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Accountability Opinion

Cheating Scandal Newsflash: Teachers Aren’t Plaster Saints!

By Rick Hess — August 22, 2011 3 min read
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As I noted last Thursday, I’m fairly confident that isolated cheating scandals will eventually snowball. After all, I’m a pretty bleak person, and yet even I’ve been surprised to learn just how incredibly lax test security was in cities like Atlanta, Philadelphia, and DC--even as we amped up the significance of testing for teachers and school leaders. Seems to me that through all this there’s been a bizarre tendency to assume that educators are human enough to respond to incentives but angelic enough that they won’t cheat or cut corners, even when given manifold opportunities to do so. The result, I’m afraid, is going to be a slow-building wave, the same pattern we saw with baseball’s steroid troubles or banking’s mortgage lending debacle.

First, it is true that a bevy of teachers and principals behaved immorally and unacceptably. In doing so, they were much like mortgage lenders, circa 2005, who misled clients or falsified mortgage applications, or WorldCom, Tyco, or Enron executives, circa 1999, who cooked their books. But, it is also true that these teachers, like those mortgage lenders or executives, operated in systems which allowed and rewarded cheating--and where supervisory pressures encouraged malfeasance. Ambitious financial reforms like Sarbanes-Oxley and Frank-Dodd were adopted (for good and ill) in an attempt to change the practices that made cheating and fabricating a sensible path to professional success.

I’m sure some employees at Countrywide didn’t misbehave, and we know that many baseball players didn’t use steroids during the “steroid era,” but there were huge professional rewards for those who did cheat. And this meant enormous pressures on those who played by the rules to find a way to produce results as impressive as those of the cheaters. This doesn’t excuse cheating, but it recognizes that weak monitoring combined with pressure to deliver measured results (whether those are mortgage originations, home runs, or test scores) can encourage mere mortals to cheat.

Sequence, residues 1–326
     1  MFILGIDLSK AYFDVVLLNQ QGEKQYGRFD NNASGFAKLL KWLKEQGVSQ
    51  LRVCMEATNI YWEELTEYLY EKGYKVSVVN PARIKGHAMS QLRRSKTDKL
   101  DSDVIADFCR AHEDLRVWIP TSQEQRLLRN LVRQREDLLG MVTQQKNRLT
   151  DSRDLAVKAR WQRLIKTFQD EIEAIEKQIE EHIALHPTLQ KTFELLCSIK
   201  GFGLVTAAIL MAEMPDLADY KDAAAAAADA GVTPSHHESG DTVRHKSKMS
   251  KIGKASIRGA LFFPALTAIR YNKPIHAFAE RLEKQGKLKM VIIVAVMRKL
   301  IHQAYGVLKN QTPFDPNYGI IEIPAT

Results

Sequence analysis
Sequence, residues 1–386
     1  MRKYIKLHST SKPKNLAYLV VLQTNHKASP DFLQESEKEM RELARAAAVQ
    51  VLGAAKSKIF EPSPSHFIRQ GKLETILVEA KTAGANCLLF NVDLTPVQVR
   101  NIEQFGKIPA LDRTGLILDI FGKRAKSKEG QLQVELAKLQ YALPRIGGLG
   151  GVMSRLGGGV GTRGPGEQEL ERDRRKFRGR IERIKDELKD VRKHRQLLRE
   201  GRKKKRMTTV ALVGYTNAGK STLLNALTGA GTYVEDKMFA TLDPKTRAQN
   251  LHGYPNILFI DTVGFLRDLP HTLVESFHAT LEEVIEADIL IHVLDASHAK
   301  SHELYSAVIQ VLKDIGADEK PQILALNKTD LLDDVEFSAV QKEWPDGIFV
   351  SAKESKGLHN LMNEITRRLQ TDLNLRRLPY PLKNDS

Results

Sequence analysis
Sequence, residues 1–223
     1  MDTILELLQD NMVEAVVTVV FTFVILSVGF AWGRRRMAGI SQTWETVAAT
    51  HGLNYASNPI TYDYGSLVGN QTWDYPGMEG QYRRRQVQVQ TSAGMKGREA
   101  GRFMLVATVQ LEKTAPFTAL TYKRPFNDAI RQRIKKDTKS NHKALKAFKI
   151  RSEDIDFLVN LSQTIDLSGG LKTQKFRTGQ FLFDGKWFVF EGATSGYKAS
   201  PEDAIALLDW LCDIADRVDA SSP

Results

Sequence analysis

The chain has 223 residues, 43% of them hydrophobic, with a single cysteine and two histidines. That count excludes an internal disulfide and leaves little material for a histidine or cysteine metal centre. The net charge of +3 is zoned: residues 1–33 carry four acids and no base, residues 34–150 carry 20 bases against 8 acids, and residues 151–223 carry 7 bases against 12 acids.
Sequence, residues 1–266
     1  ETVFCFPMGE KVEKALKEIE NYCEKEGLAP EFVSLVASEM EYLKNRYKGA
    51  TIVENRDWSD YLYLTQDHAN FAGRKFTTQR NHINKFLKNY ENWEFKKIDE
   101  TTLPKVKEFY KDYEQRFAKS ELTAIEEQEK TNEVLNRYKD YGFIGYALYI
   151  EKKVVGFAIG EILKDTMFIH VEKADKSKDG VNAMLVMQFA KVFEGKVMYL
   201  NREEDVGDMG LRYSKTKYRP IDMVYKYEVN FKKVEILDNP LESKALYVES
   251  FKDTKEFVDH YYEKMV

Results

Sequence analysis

Second, the same reformers who champion accountability because they think a romantic faith in educators’ good works is a mistake have apparently been shocked to find out that they can’t blindly trust how educators will respond to high-stakes testing. Would-be reformers are now harrumphing about educators’ moral turpitude. Uhh, guys, if you had this much faith in educators in the first place, if you trusted them to always do the right thing by kids regardless of external pressures, you probably wouldn’t have had to mess with accountability or incentives.

Third, I’ve been asked whether my stance excuses the moral culpability of the cheaters. Nope, they’re culpable as hell. Indeed, the fact that so many educators turn to cheating so quickly would seem to blow a pretty substantial hole in the NEA-AFT line that teachers only want what’s best for kids. So much for the myth that teachers and school leaders are so passionate about their work that they’re immune to worldly pressures. Turns out that they will respond to pressures, threats to job security, and to monetary incentives--giving lie to union claims that these things won’t motivate educators or impact what they do. Indeed, those who imagine I’m saying that testing is bad because cheating occurred are missing my point. I’m all for testing and sensible test-based accountability. It’s just got to be smart. The very fact that teachers and school leaders cheated makes clear why we can’t rely on blind faith in their efforts.

Finally, my friend Mike Goldstein, founder of Boston’s terrific MATCH School, points out that, “Cheating on ‘normal’ tests and quizzes and homework assignments happens in almost every school in [the U.S.] every day--yet none of these same educators propose eliminating those.” Mike’s exactly right. Teachers understand the value of these assessments, and also that they create a natural temptation for students to cheat.

The response is not to abolish the assessments or to bemoan human nature, but to try to devise assessments that measure real learning and to administer them in ways that minimize temptation and discourage malfeasance. That’s where it appears we have come up surprisingly, and remarkably, short. Has all of the vapid sentiment poured forth regarding teachers, teaching, and the rest really made it that hard to remember that educators are people, with all the usual virtues and foibles?

The opinions expressed in Rick Hess Straight Up are strictly those of the author(s) and do not reflect the opinions or endorsement of Editorial Projects in Education, or any of its publications.